memory, or CPU a container can use,
In modern engines, performance-wise, there’s no difference whether we take a property from an object or its prototype. They remember where the property was found and reuse it in the next request.
Object properties, besides a value, have three special attributes (so-called “flags”): writable – if true, the value can be changed, otherwise it’s read-only. enumerable – if true, then listed in loops, otherwise not listed. configurable – if true, the property can be deleted and these attributes can be modified, otherwise not.
Arrow functions: Do not have this Do not have arguments Can’t be called with new They also don’t have super, but we didn’t study it yet. We will on the chapter Class inheritance
the local variable x is known to the engine from the beginning of the function, // but "unitialized" (unusable) until let ("dead zone") // hence the error
As you may have read in the article Variable scope, a variable starts in the “uninitialized” state from the moment when the execution enters a code block (or a function). And it stays uninitalized until the corresponding let statement. In other words, a variable technically exists, but can’t be used before let.
he main area of application for WeakMap is an additional data storage.
WeakMap does not support iteration and methods keys(), values(), entries(), so there’s no way to get all keys or values from it. WeakMap has only the following methods:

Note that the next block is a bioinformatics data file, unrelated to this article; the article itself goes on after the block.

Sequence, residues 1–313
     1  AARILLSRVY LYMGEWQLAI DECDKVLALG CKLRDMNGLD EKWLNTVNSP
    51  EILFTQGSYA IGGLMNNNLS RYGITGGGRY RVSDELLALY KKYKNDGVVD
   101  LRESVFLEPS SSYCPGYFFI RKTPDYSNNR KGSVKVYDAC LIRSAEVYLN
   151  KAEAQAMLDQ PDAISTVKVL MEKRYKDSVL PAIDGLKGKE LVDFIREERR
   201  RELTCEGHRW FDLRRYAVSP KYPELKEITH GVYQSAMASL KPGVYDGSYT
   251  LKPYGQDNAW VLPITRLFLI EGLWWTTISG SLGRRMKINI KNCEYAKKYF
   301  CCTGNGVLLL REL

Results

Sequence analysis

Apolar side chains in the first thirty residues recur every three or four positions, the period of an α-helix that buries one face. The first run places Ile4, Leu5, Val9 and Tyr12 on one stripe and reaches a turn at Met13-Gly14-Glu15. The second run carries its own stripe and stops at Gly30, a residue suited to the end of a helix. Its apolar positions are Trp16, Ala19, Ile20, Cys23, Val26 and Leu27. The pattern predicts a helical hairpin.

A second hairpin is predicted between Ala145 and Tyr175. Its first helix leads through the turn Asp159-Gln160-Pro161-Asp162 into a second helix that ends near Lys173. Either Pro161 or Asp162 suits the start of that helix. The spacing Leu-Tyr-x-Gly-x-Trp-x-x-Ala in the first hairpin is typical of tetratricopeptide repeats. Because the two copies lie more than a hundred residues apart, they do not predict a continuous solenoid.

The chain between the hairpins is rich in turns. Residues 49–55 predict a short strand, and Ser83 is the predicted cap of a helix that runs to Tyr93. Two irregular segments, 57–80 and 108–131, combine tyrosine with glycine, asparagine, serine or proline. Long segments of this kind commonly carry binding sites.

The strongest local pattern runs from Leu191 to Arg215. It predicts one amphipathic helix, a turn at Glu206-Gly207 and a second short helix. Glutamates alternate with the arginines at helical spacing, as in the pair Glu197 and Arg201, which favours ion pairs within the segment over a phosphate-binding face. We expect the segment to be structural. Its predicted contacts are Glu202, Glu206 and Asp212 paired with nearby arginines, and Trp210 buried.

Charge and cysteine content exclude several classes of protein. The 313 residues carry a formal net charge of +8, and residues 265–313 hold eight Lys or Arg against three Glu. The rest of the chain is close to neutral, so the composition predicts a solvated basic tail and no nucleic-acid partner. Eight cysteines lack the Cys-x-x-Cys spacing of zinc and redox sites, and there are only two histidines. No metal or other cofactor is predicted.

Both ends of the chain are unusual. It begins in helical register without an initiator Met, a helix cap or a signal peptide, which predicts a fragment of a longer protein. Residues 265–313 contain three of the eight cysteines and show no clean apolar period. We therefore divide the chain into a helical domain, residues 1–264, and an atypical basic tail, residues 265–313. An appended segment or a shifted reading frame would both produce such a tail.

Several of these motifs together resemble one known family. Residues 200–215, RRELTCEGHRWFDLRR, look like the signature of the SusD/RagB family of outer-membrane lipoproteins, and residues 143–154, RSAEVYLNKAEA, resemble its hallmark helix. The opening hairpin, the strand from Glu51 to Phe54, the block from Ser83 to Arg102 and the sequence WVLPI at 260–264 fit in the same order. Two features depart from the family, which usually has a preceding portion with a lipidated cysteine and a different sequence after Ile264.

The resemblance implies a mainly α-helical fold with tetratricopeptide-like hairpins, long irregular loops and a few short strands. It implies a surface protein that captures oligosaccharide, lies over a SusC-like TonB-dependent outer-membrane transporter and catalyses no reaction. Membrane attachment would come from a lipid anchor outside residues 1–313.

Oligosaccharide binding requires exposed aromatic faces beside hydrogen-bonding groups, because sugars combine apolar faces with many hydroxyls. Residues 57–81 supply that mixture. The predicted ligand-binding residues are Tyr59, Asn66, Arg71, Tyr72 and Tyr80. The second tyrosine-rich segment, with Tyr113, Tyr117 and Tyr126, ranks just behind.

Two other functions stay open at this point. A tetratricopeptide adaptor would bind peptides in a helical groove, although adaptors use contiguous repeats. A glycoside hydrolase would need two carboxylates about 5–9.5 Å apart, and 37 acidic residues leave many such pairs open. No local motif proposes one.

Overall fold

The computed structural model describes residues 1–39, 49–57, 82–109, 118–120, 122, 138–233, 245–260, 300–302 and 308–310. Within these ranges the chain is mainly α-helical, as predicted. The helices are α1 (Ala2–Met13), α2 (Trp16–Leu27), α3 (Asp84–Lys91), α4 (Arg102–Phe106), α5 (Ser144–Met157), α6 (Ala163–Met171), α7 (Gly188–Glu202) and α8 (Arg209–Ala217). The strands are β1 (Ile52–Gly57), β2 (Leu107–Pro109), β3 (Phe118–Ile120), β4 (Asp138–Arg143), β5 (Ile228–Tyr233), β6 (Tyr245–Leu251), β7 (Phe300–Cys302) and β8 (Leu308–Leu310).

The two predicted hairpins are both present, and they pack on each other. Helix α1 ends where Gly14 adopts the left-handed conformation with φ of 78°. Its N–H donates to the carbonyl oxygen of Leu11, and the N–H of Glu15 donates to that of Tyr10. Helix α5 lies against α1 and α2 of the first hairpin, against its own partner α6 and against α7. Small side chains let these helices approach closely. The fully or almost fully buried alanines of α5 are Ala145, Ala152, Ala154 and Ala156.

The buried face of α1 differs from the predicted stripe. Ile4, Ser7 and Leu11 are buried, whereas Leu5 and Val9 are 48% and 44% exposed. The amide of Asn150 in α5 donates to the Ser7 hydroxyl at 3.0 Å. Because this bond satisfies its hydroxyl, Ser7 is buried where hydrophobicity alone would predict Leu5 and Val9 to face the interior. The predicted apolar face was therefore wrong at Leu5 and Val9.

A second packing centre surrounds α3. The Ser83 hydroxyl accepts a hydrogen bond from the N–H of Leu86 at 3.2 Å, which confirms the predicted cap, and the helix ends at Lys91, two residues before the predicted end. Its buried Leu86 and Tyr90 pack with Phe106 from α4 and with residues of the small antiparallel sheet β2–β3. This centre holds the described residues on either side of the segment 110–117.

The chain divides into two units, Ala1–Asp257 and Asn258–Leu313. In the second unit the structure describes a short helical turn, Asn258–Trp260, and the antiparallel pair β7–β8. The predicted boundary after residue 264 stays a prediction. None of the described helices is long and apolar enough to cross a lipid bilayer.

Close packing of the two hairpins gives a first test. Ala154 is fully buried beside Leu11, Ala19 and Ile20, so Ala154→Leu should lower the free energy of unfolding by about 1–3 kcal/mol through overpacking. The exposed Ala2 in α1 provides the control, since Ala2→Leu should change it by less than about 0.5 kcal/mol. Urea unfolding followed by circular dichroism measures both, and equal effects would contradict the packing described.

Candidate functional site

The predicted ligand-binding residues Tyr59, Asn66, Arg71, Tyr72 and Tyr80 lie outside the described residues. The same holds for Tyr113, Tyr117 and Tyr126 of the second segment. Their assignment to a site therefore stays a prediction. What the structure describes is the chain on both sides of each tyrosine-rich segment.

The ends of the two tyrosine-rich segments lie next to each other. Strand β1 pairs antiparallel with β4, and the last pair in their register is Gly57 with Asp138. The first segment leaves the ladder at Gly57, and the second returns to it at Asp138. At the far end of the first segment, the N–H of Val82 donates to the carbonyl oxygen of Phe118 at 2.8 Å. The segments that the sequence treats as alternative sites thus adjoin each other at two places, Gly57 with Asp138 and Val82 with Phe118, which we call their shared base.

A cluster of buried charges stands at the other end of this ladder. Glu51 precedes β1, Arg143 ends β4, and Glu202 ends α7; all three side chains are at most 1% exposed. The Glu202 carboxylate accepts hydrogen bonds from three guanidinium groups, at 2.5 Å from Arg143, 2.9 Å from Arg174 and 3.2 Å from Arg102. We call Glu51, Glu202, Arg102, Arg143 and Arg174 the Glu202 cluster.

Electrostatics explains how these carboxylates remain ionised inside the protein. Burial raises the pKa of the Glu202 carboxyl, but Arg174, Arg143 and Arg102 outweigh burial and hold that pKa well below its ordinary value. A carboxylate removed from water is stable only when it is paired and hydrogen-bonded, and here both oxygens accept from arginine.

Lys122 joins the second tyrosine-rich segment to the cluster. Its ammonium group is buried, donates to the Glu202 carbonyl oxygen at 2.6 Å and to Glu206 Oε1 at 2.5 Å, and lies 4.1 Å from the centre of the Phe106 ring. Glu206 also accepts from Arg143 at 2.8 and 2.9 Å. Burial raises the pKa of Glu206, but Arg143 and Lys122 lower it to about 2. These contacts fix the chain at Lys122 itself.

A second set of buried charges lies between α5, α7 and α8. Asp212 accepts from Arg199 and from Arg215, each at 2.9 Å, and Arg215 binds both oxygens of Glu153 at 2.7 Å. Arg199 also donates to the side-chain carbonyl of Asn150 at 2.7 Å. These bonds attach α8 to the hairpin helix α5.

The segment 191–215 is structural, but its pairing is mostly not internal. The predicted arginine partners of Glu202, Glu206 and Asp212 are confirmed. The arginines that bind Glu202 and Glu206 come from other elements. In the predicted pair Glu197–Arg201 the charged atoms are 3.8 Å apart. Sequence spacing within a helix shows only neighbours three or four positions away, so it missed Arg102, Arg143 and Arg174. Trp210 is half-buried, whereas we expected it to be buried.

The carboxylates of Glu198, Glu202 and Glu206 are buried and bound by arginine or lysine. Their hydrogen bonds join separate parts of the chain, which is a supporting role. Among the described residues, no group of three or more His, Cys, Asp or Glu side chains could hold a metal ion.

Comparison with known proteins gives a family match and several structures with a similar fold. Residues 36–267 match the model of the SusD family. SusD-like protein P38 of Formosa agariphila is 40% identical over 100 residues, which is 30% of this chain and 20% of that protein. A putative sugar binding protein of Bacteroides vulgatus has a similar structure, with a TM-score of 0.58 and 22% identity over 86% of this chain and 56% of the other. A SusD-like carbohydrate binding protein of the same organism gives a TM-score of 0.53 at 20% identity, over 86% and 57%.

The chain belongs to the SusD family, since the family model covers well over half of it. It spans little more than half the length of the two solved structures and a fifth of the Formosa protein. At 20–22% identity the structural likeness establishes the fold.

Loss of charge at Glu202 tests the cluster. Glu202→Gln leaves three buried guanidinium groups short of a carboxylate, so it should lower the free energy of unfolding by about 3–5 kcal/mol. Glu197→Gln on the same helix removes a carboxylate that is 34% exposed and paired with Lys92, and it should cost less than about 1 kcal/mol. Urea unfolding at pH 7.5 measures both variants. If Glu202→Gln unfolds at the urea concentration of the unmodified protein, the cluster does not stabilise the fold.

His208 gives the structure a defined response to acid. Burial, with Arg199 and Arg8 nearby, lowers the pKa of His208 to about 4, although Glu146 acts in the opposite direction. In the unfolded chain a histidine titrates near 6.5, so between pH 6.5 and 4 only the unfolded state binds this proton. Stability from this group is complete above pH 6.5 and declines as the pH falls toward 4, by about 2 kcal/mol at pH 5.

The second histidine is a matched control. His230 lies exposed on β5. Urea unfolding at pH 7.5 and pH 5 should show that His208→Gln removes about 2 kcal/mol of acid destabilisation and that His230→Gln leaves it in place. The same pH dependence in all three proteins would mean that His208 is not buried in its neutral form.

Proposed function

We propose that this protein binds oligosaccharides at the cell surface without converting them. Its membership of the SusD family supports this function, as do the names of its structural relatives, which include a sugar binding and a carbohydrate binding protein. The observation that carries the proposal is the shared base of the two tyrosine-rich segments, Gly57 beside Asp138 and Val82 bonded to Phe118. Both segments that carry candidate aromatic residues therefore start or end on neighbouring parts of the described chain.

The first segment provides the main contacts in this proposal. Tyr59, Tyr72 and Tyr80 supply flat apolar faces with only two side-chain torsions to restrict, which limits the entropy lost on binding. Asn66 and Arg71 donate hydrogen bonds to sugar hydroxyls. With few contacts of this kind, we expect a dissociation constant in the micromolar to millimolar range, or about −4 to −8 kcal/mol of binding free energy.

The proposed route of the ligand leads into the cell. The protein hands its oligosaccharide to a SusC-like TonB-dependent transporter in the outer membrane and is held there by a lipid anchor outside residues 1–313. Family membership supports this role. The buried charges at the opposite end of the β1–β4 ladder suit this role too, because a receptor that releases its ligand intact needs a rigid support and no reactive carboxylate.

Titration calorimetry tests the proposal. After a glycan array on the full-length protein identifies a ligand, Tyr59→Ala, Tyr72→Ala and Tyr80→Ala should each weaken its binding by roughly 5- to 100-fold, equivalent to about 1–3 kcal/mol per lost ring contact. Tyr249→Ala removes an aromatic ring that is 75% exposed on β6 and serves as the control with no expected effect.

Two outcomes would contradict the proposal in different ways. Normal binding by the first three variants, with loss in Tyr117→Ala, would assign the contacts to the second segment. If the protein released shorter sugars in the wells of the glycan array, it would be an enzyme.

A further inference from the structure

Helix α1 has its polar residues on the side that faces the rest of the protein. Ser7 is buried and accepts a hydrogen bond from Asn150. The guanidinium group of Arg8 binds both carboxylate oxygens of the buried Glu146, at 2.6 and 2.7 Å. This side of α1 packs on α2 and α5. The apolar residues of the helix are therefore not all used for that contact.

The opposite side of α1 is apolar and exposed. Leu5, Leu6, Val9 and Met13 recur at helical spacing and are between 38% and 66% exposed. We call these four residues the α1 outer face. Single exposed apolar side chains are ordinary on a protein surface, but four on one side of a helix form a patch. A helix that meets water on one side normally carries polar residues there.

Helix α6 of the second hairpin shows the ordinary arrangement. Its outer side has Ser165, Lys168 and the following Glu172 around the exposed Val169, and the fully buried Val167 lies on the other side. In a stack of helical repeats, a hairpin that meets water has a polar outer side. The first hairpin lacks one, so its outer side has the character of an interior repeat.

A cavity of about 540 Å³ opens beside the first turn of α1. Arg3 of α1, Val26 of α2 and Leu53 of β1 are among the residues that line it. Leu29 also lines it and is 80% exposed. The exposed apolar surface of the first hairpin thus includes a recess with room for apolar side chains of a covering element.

WeakMap The first difference from Map is that WeakMap keys must be objects, not primitive values:
alert( 1.35.toFixed(20) ); // 1.35000000000000008882
This example clearly shows that primitives are not objects.
but after that the “wrapper object” disappears, so in the last line str has no trace of the property.
For global symbols, not only Symbol.for(key) returns a symbol by name, but there’s a reverse call: Symbol.keyFor(sym), that does the reverse: returns a name by a global symbol.
n order to read (create if absent) a symbol from the registry, use Symbol.for(key).
In contrast, Object.assign copies both string and symbol properties
Object.keys(user) also ignores them. That’s a part of the general “hiding symbolic properties” principle. If another script or a library loops over our object, it won’t unexpectedly access a symbolic property.
The optional chaining ?. stops the evaluation and returns undefined if the part before ?. is undefined or null.
obj?.prop – returns obj.prop if obj exists, otherwise undefined. obj?.[prop] – returns obj[prop] if obj exists, otherwise undefined. obj?.method() – calls obj.method() if obj exists, otherwise returns undefined.
We can use ?. for safe reading and deleting, but not writing The optional chaining ?. has no use at the left side of an assignment: